15. @aegt: Spot on. The difference is one seems to be a well seasoned traveller, lots of flying hours while the other may eventually fly occasionally.

    @Dan: We have lucky’s report of his side of the story. We do not know for sure how distant the plane was effectively from the storm, whether plane was instructed to be there by Air Traffic Control, etc – that is, we do not have the other side of the story.

    So far we have two pax claiming two different incidents where they did not feel safe.

  16. Reminds me of a headline in “Not The New York Post” (a spoof of yellow journalism): “Hundreds Almost Die in Mid-Air Near Collision!”

  17. Exactly. How can you almost die in an accident that didn’t happen? This was a story to share with your buddies over a beer, but a viral essay? Embarrassing. I flew back from Jamaica and we hit an air pocket and the plane dropped several hundred feet. I’m going to get started on my need-for-relevance essay right now.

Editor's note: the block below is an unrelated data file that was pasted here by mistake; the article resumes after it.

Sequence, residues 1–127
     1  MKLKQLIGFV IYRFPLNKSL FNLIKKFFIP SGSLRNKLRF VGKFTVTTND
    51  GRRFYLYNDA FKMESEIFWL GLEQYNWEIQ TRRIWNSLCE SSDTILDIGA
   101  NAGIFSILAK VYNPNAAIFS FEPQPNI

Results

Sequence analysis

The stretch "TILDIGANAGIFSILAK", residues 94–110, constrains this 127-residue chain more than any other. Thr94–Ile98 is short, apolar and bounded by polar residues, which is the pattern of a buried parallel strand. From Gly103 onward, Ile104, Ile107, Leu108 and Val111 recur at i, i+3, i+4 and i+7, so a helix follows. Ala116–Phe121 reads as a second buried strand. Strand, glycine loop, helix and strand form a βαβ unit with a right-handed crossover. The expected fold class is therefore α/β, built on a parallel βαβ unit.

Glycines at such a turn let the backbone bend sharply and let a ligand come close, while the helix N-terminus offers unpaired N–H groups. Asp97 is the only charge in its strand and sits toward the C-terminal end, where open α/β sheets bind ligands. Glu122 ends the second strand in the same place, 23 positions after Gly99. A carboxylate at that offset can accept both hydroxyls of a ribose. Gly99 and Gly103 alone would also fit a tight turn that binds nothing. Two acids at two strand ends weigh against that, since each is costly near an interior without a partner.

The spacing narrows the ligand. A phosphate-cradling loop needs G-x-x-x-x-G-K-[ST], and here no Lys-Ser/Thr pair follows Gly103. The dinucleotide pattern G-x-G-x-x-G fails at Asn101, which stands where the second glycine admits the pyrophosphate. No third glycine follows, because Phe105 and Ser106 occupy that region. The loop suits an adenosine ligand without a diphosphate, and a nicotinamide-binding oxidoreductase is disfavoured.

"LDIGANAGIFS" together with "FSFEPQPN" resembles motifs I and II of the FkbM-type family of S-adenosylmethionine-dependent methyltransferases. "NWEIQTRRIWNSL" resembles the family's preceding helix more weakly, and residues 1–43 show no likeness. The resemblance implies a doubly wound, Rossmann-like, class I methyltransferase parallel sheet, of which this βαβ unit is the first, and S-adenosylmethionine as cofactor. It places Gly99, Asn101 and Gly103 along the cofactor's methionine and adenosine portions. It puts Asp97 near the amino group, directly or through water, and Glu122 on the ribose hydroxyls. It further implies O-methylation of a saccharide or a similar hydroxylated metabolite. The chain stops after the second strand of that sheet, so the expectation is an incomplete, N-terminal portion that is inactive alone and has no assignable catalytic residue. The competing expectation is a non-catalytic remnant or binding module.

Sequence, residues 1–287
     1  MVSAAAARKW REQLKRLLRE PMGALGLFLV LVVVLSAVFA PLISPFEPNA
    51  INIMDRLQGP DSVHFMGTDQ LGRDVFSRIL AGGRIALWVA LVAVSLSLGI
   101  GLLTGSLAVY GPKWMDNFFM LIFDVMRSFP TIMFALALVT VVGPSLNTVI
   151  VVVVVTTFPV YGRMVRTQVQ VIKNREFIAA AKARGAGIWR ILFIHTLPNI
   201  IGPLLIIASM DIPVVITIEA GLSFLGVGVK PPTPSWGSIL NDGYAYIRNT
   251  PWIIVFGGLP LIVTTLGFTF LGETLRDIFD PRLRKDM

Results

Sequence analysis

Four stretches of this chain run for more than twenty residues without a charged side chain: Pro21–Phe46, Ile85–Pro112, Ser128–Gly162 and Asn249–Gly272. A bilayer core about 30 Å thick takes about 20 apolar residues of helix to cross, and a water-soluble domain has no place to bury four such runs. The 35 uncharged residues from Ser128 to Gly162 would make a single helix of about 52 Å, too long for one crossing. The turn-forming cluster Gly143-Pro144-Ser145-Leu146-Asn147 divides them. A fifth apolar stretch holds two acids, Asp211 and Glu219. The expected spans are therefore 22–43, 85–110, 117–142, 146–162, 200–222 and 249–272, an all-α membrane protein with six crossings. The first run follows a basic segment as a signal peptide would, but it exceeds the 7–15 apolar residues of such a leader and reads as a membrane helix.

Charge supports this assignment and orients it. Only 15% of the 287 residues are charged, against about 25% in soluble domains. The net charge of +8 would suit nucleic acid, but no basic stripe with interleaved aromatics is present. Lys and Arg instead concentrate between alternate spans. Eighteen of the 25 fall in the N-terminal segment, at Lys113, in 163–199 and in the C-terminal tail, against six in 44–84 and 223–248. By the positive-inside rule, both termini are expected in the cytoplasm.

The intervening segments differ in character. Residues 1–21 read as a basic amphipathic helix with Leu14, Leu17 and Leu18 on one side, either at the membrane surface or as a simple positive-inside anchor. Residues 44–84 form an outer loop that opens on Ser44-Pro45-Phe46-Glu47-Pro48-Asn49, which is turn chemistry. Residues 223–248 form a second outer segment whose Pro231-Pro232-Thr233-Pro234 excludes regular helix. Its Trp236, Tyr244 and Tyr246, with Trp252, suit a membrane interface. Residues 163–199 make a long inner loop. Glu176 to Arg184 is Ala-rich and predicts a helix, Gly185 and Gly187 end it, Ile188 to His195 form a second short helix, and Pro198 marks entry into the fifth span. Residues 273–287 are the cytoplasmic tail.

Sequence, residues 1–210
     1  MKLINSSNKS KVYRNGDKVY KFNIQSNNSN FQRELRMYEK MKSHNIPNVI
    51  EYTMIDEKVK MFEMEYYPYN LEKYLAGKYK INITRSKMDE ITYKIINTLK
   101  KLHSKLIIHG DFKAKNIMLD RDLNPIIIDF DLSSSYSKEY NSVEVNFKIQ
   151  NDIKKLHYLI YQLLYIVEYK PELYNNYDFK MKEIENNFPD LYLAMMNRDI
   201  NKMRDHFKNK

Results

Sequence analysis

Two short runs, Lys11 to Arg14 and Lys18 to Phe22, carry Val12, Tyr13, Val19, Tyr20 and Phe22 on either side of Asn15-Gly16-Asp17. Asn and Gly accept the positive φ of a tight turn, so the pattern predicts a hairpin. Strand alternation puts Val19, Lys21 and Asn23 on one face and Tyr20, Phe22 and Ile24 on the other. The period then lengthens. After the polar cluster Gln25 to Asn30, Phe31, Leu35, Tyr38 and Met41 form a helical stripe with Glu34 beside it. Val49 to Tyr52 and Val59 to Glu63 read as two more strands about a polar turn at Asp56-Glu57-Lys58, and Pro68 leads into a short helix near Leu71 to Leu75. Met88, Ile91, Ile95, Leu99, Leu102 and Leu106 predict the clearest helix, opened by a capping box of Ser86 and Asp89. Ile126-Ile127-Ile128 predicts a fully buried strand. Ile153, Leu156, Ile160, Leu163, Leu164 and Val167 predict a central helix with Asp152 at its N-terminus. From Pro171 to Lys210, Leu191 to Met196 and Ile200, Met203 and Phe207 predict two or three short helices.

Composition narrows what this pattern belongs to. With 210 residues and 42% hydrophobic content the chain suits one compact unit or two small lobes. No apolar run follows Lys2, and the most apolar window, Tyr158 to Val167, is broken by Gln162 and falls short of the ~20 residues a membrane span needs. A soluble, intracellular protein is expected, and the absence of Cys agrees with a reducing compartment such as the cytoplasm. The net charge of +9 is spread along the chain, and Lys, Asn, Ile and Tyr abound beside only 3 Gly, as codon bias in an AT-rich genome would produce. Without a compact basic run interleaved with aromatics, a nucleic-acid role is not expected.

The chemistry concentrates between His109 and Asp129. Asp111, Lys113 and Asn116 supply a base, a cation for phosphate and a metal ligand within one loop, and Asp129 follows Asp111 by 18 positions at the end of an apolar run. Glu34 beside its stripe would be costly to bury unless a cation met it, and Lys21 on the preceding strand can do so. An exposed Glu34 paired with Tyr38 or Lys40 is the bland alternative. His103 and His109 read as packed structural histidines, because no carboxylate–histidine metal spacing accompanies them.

18. He also said “The US Airways flight coming at us was a passenger jet of similar size “, the flight would have been a a320/a321/b752, ranging from roughly 180-220 passengers, at most, the fatalities would have been around 440, very shy of the 590 he estimated!

  19. If we ignore the claim of purported deadliest crash, it’s an interesting article and comments from an active UA pilot are interesting to read as well

    FYI, commenters identified another flight as US 432 (AWE432) which is a B752 with 190 seats, based on what I can find.